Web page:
Ever have one of those inspirational moments that sets you off on a quest to explore a thought? Maybe something similar to one I had a few mornings ago on the parking lot of a local convenience store.
Walking to my car, the sun was at just the right angle to make a new penny shine as if it were gold. Some might not want to be seen picking up a penny on the parking. I, on the other hand, consider it part of my workout routine. You know, a stretching exercise.
As I reached down for the penny, I realized it was heads-up. Of course, I immediately remember the old saw, “Find a penny, pick it up. All the day long, you’ll have good luck.” Of course, according to some, only pennies that are face up are lucky. Since this one was face up, I wondered if “all the day” included earlier in the day when I bought a lotto ticket. That triggered a whole train of thought that prompting this post.
Hopefully, the title of this piece reminded you of another old saying, “I’d rather be lucky than good.” That phrase can be interpreted in several ways, but you are most likely to hear it voiced by a duffer on the golf course who makes a miraculous shot. The next most likely place may be when someone survives a crisis for which he is totally unprepared.
Sometimes, sheer luck can save the day or make the moment for someone. However, many times, that luck is backed up by some level of skill, even planning. If that were not true, the odds of “luck” on the golf course or in the middle of a crisis would be even longer than the odds of winning the last lotto fortune. Take the picture above, for example.
That picture came to mind when I wondered about the penny being good luck. When I took that picture, my immediate hope was, “Maybe I’ll get lucky.” My little wish was based on the circumstances surrounding the shot.
One of my grandsons was playing baseball. I was attempting to take some decent photographs of him and his teammates and faced several challenges. In this particular instance, He was batting and hit a blooper over second base. I was standing just outside the ballpark fence across from first base. I had a great angle to take a series of pictures as he ran to first.
The problem was as he got closer, there was no time to switch from telephoto to wide-angle. Also, his coaches were partially blocking the shot. I had to raise the camera up to shoot over them, and I was standing on a portable pitching mound that made my footing less than stable.
I expected to have some excellent close-ups of the baseline or maybe the turf, and I did. Also, I had the shot above! Yes, we can get lucky.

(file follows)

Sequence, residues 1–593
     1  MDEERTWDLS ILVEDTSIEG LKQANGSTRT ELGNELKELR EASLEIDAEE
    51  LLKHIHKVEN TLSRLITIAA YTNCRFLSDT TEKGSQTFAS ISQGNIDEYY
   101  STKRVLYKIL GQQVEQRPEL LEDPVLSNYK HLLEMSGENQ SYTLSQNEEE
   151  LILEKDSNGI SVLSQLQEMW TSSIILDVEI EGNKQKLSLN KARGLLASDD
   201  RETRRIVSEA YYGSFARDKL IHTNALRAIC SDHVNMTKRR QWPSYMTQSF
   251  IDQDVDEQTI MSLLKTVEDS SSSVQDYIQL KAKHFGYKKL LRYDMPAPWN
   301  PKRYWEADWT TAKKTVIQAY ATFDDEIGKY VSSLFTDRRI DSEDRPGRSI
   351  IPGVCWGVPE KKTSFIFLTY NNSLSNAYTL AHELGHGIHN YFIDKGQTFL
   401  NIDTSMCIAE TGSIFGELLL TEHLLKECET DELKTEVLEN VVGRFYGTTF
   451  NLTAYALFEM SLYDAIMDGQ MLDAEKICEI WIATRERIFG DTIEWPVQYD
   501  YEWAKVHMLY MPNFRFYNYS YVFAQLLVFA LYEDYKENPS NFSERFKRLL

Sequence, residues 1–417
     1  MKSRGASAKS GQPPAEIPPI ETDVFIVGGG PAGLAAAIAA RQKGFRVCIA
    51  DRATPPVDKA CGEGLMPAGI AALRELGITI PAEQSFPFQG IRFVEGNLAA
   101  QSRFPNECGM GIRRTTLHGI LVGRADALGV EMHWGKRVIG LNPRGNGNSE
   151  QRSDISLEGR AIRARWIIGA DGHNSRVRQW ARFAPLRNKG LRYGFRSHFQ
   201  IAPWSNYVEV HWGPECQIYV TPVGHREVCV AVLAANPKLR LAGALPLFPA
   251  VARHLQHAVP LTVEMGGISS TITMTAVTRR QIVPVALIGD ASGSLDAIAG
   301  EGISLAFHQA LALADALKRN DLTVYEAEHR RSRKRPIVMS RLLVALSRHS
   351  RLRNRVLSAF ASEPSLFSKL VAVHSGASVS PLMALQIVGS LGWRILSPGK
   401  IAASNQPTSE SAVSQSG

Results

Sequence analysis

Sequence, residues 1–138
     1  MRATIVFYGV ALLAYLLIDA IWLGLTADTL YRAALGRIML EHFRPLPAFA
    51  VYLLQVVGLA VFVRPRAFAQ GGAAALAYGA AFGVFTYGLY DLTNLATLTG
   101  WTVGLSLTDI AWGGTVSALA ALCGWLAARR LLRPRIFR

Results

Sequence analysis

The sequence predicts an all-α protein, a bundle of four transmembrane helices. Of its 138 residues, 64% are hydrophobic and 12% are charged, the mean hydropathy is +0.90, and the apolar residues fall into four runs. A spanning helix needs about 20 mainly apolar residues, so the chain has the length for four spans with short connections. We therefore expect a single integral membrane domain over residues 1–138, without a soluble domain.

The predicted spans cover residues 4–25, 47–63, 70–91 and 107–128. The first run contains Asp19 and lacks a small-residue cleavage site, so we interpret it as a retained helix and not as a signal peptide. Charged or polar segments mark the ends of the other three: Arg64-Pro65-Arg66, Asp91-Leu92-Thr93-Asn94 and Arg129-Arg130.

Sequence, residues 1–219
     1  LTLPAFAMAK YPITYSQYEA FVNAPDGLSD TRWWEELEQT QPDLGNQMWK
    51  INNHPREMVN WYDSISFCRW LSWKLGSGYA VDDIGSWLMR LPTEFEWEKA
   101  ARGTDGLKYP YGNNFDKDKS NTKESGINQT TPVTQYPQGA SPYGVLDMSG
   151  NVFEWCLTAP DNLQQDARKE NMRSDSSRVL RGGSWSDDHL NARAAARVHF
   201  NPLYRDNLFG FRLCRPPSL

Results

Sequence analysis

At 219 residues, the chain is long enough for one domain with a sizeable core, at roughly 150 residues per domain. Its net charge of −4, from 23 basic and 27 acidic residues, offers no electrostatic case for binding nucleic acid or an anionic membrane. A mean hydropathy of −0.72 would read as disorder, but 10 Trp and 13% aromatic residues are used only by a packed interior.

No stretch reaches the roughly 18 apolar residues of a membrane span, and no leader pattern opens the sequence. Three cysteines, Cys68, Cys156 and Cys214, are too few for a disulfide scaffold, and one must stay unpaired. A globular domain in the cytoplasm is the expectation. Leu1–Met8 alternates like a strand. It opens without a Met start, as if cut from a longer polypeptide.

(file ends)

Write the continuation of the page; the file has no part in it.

It is possible, theoretically at least, for someone who never played a round of golf to hit a hole in one. As we see on television occasionally, it is also possible for someone who doesn’t play basketball to make a basket from midcourt and win a scholarship. Still, in most cases, luck is based on preparation. It is practice and preparation that lead to us getting lucky. Take this picture as an example.
To many people, it doesn’t look like much. Truthfully, it is not what one might call an award-winning photo. Still, coupled with the shots of him running toward the base, glancing at the field to see if someone was quick enough to retrieve the ball and throw it to third, it is the record of his success. Also, that play was important. He was safe on first and scored a few plays later, helping his team win that game and the tournament in which they were playing.
Yes, I was lucky to a degree. I was lucky I managed to keep shooting as I stumbled back. I was lucky I could keep the lens pointed in the right direction. Yet, I was only lucky because I had missed numerous shots in the past because of movement on my part or the subject’s part. I had learned how, roughly at least, to keep the lens pointed toward the subject of the shot.
A sports photographer, wildlife photographer, or grandkid sports photographer will take hundreds, or thousands of pictures in some cases, to get that one good shot. In this case, luck did play a part because it took less than 100 shots during the game to find some keepers, but the odds were against me. For hunters or others familiar with guns, it was a completely offhand snapshot. That’s why I hoped I was lucky.
The truth is, in this case, and any case where it seems luck played a hand, preparation is still a key to increasing your chances of getting lucky.
© oneoldcop – 2020